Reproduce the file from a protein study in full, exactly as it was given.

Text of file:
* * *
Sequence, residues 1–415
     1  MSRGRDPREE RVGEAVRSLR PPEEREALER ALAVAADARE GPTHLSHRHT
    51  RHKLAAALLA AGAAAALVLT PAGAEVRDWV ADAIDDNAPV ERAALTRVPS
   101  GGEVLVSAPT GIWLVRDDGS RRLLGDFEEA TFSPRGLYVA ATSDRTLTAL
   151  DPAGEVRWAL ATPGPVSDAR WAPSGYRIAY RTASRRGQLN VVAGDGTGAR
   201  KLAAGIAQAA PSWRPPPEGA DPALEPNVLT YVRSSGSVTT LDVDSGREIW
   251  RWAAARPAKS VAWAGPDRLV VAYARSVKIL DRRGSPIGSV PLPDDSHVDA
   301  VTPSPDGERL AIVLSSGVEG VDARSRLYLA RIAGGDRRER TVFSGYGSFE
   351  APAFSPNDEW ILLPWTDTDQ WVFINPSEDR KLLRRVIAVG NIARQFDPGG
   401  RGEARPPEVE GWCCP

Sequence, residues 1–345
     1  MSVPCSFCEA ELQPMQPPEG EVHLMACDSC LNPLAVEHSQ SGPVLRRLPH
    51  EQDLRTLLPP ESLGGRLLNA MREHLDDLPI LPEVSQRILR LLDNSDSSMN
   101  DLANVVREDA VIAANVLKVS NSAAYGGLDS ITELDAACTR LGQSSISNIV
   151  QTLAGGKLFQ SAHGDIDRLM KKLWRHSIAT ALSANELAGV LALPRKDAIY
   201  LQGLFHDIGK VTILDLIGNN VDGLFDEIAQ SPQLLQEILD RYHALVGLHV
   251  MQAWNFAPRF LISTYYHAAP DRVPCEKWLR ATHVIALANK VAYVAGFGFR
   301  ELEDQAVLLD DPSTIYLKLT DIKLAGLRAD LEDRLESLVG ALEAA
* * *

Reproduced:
Sequence, residues 1–415
     1  MSRGRDPREE RVGEAVRSLR PPEEREALER ALAVAADARE GPTHLSHRHT
    51  RHKLAAALLA AGAAAALVLT PAGAEVRDWV ADAIDDNAPV ERAALTRVPS
   101  GGEVLVSAPT GIWLVRDDGS RRLLGDFEEA TFSPRGLYVA ATSDRTLTAL
   151  DPAGEVRWAL ATPGPVSDAR WAPSGYRIAY RTASRRGQLN VVAGDGTGAR
   201  KLAAGIAQAA PSWRPPPEGA DPALEPNVLT YVRSSGSVTT LDVDSGREIW
   251  RWAAARPAKS VAWAGPDRLV VAYARSVKIL DRRGSPIGSV PLPDDSHVDA
   301  VTPSPDGERL AIVLSSGVEG VDARSRLYLA RIAGGDRRER TVFSGYGSFE
   351  APAFSPNDEW ILLPWTDTDQ WVFINPSEDR KLLRRVIAVG NIARQFDPGG
   401  RGEARPPEVE GWCCP

Sequence, residues 1–345
     1  MSVPCSFCEA ELQPMQPPEG EVHLMACDSC LNPLAVEHSQ SGPVLRRLPH
    51  EQDLRTLLPP ESLGGRLLNA MREHLDDLPI LPEVSQRILR LLDNSDSSMN
   101  DLANVVREDA VIAANVLKVS NSAAYGGLDS ITELDAACTR LGQSSISNIV
   151  QTLAGGKLFQ SAHGDIDRLM KKLWRHSIAT ALSANELAGV LALPRKDAIY
   201  LQGLFHDIGK VTILDLIGNN VDGLFDEIAQ SPQLLQEILD RYHALVGLHV
   251  MQAWNFAPRF LISTYYHAAP DRVPCEKWLR ATHVIALANK VAYVAGFGFR
   301  ELEDQAVLLD DPSTIYLKLT DIKLAGLRAD LEDRLESLVG ALEAA